Thursday, December 31, 2020

Parsley leaves

Parsley (Petroselinum crispum) is a herb belonging to the Apiaceae (formerly Umbelliferae) family. It is native to the Mediterranean region where it is found in the wild form.

The name petroselinum is derived from the Greek word petros which means “stone,” referring to the plant’s habit of growing in rocky places. It is a popular culinary herb, commercially cultivated as an annual plant in many parts of the world for its attractive and aromatic leaves. It is used as a garnish rather than a component of the diet. The oil derived from the leaves can also be used in condiments and seasonings.

Green parsley leaves have a mild, agreeable flavor, and are an excellent source of vitamin C, iodine, iron, and other minerals. Presence of essential oils (e.g., 1,3,8-p-menthatriene, phenylacetaldehyde, γ-elemene, α-terpineol, α-pinene, camphene), resinoid, oleoresin, linoleic and petroselinic acids, microelements (e.g., Ca, Fe), flavonoids (e.g., apigenin, luteolin, quercetin) but also vitamin C and carotene make it very valuable plant.

Fresh plant food can either be minimally processed or not further processed at all prior to consumption.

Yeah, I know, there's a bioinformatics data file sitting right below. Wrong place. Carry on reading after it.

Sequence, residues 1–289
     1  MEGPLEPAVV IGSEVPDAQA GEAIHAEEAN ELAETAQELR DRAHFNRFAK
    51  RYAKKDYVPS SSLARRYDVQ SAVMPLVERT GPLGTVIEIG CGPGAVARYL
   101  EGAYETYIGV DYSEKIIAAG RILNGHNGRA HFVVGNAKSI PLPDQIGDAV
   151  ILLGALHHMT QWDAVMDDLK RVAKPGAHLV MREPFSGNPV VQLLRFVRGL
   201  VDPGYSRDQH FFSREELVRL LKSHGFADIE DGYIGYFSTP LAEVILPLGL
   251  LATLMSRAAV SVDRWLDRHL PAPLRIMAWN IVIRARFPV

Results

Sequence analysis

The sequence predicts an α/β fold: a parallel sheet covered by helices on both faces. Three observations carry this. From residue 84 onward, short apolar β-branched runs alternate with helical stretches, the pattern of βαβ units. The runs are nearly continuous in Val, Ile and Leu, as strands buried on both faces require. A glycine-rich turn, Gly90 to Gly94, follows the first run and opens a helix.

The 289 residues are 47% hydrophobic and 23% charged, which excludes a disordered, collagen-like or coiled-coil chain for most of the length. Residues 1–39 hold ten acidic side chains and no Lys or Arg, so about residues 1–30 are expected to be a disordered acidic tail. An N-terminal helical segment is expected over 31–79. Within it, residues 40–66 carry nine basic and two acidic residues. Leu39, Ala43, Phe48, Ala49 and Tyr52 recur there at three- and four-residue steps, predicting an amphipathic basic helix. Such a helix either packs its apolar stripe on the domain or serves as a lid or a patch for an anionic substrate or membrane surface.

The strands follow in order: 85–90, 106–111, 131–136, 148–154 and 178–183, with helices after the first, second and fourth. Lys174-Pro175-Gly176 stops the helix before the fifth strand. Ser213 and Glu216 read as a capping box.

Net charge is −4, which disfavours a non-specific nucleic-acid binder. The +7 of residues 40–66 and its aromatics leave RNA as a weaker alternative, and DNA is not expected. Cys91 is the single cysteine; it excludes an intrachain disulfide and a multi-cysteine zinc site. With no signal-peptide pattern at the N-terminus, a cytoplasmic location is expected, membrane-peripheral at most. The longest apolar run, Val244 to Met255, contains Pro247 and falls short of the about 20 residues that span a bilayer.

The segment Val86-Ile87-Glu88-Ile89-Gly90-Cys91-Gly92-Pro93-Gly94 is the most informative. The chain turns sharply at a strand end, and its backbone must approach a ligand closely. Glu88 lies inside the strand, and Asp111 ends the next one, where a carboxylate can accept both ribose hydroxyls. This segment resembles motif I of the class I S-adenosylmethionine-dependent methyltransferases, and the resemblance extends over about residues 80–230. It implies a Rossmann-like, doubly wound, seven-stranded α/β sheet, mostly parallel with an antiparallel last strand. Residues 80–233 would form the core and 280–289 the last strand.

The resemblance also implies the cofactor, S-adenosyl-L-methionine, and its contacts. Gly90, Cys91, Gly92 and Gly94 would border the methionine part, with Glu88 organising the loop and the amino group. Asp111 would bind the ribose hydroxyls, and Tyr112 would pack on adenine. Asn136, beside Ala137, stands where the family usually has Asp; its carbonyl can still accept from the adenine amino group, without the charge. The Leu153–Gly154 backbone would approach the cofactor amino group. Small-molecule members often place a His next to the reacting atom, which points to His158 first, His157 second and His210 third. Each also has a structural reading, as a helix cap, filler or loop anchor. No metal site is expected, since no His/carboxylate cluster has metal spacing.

Although parsley leaves are used most commonly in the fresh green condition as a garnish, their characteristic flavor and green color can be retained if the leaves are dried rapidly.

Most useful method of storage is drying. The dried leaves are known as parsley flakes. The most frequently used process (except sun drying) is conventional air drying (at 40, 50, 80 °C), but nowadays, microwaves also are used for this purpose.

In modern medicine, wide range of pharmacological activity including antioxidant, hepatoprotective, brain protective, anti-diabetic, analgesic, spasmolytic, immunosuppressant, anti-platelet, gastroprotective, cytoprotective, laxative, estrogenic, diuretic, hypotensive, antibacterial and antifungal activities have been exhibited for this plant.
Parsley leaves

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